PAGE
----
SC: What obstacles have you overcome to get to where you are today?
NM: Being financially stable enough to have the time to dedicate to my craft has been difficult.
SC: What’s your biggest strength?
NM: My passion for learning.
SC: What’s your biggest weakness?
NM: The fear of reaching out and asking for support.
SC: How would your friends describe you?
NM: I think funny and caring.
SC: How would your colleagues describe you?
NM: Passionate, fair, and hard working.
SC: If you have one goal for The Selfish Column and one goal for yourself, what are they?
NM: This is a tough question, because I believe I have so many goals for The Selfish column. But the long-term goal is to one day write a self-help book, where all aspects of being a woman are addressed and empowered.
My goal for myself is to leave this world knowing that I put back into it as much as took from it.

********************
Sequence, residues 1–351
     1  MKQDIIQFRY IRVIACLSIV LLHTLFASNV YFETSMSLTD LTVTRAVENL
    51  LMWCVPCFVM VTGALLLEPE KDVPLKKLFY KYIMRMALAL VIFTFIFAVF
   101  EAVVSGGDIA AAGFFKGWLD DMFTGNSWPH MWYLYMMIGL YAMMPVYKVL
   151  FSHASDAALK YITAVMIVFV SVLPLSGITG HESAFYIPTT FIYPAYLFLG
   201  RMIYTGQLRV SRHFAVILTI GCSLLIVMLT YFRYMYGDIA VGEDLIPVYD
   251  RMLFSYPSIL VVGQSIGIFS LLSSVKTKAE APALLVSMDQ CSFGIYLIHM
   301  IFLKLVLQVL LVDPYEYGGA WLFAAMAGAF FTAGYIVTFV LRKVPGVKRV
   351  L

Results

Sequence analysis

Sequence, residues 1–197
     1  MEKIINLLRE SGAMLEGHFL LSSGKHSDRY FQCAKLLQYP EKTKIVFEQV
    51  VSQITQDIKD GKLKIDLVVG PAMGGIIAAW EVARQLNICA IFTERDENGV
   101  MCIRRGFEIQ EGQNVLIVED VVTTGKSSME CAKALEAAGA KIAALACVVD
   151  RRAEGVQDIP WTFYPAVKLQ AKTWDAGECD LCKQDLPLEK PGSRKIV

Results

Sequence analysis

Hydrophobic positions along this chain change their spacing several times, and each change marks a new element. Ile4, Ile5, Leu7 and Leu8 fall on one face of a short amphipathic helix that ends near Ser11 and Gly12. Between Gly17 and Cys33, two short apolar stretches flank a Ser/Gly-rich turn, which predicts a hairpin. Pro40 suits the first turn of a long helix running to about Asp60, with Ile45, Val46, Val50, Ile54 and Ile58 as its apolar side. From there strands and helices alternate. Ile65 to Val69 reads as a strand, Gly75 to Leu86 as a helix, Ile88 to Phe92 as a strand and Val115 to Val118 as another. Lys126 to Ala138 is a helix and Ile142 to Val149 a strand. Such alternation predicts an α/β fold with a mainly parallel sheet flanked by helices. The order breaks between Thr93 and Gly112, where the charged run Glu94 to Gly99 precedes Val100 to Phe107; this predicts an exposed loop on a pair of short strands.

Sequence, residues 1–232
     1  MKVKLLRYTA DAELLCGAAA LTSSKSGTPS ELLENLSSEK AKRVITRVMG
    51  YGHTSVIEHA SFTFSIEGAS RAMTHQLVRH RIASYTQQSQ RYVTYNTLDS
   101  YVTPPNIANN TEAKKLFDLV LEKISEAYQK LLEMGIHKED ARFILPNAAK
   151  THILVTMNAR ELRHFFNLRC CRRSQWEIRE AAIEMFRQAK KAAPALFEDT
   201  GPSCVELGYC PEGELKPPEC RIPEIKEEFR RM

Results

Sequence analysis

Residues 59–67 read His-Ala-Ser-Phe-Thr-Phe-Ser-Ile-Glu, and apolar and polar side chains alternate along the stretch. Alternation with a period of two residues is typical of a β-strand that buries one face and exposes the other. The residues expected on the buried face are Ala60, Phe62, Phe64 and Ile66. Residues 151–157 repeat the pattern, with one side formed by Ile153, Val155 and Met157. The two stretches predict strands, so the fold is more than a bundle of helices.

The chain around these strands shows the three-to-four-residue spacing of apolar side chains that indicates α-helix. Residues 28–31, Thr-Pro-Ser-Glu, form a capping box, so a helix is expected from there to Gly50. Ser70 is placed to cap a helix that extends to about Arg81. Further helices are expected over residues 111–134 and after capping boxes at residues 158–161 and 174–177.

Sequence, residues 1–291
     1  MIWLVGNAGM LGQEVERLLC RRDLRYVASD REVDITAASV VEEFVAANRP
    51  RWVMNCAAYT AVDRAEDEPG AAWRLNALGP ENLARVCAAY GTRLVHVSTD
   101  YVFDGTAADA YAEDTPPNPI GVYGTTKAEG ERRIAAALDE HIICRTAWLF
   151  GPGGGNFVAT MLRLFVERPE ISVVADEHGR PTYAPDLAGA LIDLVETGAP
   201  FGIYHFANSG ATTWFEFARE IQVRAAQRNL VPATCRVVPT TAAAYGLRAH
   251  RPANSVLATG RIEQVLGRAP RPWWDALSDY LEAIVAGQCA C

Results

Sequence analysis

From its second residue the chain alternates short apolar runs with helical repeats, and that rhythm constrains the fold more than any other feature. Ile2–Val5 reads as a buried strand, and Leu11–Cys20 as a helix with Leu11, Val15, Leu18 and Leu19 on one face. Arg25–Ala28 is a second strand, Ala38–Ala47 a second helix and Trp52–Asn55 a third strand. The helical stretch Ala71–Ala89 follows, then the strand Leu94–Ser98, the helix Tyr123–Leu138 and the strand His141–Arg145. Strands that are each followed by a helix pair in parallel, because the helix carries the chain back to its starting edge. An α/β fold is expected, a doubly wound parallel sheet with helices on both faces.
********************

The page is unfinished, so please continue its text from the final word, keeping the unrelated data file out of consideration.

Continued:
SC: What are some personal career/The Selfish Column milestones you’re proud of?
NM: The first time I attended an event and saw The Selfish Column written on the invitation list really gave me proud.
SC: What advice would you give your 18-year-old self?
NM: I would tell that girl to pipe down and enjoy the ride. Stop being in a rush and work on your patience. Take that writing course you’ve been talking about.
SC: From one Black female entrepreneur and thought leader to another, what message would you like to send them at this time? Whether it be of hopefulness of what’s to come, support on how to get through these trivial and emotional trying times, or encouragement to keep pushing to make your presence known and voice heard?
NM: This is a really good question. The first thing I would say is that there is room for all of us. Start that blog, write that book, open that YouTube account. Whatever it is you want to do, there is room and your voice matters.
I used to feel that the beauty world was saturated, or the blogging world was taken over, but the truth is that there’s always room for difference voices. Creativity doesn’t have a quota.
It is not easy to be a black woman in many industries, let alone in digital content creating. It is important to stay true to who you are, take a break when its needed, but whatever you do, never stop fighting for your voice and the voice of others watching you.